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The head of Aurizon's bulk business has moved to Perth to sort out the troubled division, as more of the rail group's executives are relocated away from Brisbane.
Investors were surprised by hefty write-downs in Aurizon's bulk business announced late on Wednesday after the rail group said its performance was deteriorating, necessitating a $526 million impairment charge.
The bulk business includes the haulage of iron ore and other mineral resources as well as agricultural products and dangerous goods, and includes operations in Queensland, NSW and Western Australia.
The write-downs were particularly heavy in Western Australia, which accounted for $362 million of the impairment charge, leading some analysts to question whether Aurizon was winding down its west coast business.
But Aurizon is understood to remain committed to Western Australia, where it has about 1000 employees.
Clay McDonald, who was put in charge of Aurizon's bulk division in July, has relocated to Perth from Brisbane to keep a closer eye on the business.
Aurizon chief executive Andrew Harding, who took over from Lance Hockridge at the end of 2016, has been urging executives to move into regional hubs. The new head of the rail group's coal business, Ed McKeiver, is based in Mackay.
The bulk impairments come after Mr Harding rearranged Aurizon's corporate structure, making each division responsible for its own costs.
The bulk rail haulage market has also become tougher amid pressure on freight rates and competition from the trucking industry. Total freight volumes fell 5 per cent in 2016-17 compared to the previous year.
While Aurizon's coal business has been performing better than expected, analysts remain concerned about the long-term outlook for the rail group.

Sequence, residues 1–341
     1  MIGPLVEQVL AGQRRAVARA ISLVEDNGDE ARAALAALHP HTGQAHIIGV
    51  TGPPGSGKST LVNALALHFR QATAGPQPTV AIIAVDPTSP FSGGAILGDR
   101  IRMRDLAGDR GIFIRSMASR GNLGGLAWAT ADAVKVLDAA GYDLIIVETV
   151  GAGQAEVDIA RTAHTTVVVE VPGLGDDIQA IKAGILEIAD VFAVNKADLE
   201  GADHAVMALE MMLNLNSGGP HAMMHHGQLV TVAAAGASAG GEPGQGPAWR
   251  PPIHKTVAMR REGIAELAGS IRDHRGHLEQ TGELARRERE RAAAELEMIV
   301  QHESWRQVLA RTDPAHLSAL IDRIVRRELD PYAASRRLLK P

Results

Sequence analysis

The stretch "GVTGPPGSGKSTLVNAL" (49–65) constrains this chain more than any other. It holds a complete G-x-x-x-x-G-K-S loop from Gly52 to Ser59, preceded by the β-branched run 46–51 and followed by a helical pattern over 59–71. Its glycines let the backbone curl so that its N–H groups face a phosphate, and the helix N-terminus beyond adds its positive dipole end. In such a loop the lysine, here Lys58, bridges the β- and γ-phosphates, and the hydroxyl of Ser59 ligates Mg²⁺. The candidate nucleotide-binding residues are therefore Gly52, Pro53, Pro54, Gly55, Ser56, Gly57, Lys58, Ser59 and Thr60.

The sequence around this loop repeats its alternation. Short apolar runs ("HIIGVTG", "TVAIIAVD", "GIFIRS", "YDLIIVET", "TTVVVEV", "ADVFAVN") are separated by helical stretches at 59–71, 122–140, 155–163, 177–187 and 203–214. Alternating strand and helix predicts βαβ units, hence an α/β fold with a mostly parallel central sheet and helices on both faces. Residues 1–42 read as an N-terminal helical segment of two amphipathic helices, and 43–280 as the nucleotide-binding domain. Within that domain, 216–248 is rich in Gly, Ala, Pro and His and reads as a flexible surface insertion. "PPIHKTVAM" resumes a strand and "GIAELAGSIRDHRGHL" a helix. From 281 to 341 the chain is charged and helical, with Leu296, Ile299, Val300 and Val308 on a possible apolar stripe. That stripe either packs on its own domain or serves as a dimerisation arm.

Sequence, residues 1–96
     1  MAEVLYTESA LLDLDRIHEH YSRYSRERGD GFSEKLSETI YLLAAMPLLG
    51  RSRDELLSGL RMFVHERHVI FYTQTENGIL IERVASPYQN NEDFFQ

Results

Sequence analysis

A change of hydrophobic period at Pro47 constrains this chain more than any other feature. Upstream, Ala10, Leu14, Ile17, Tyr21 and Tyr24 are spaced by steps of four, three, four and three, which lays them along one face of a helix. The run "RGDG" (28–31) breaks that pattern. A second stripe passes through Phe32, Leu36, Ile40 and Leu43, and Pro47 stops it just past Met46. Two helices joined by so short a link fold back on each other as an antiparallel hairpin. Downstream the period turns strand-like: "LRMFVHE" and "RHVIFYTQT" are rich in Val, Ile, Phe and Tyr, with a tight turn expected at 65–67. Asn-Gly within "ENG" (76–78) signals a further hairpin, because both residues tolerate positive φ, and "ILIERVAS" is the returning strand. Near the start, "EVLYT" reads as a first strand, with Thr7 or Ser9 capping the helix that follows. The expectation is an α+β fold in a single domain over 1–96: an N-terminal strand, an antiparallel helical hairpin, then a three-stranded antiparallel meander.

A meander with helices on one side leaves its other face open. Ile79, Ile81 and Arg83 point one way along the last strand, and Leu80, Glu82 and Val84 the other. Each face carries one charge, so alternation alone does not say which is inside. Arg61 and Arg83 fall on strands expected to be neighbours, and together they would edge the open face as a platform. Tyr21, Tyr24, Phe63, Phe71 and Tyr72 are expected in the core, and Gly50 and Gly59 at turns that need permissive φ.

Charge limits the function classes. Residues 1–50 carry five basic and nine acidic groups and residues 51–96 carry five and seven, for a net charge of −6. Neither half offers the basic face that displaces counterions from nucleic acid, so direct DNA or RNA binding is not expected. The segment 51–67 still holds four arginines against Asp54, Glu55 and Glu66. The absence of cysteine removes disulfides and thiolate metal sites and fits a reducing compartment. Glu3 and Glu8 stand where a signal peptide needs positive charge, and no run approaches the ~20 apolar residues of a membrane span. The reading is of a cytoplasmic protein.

Macquarie Wealth Management said it was unclear whether Aurizon's continued cost-cutting would be sufficient to offset the "coal pricing cycle that is about to begin," while Citigroup said management was "running out of time" before coal customers started to renegotiate long-term contracts in about 18 months.
"While coal revenues and earnings could be higher than currently forecast, this is offset by the ongoing decline in the revenue and earnings quality of the freight division, and specifically the bulk business," Citigroup analyst Anthony Moulder said.
UBS, which estimates the book value of Aurizon's bulk division at $225 million, said investors should question how many of the company's bulk contracts were "sub-economic" or unable to be returned to profitability.
Morgan Stanley said it had not expected such a severe deterioration in Aurizon's bulk business, estimating that a 5 per cent drop in Western Australia volumes would lower the company's 2017-18 group earnings before interest and taxation by about 1.2 per cent.
Aurizon intends to explain how it plans to turn around the bulk business when it reports its annual earnings on August 14. The company's shares closed up 1¢ at $5.06.
The rail group has taken a total of $1.6 billion in impairments over the past four years, according to Citigroup. Aurizon will take $401 million of other asset impairment and redundancy costs in its full year earnings in addition the $526 million of bulk impairments.
This article first appeared on www.afr.com
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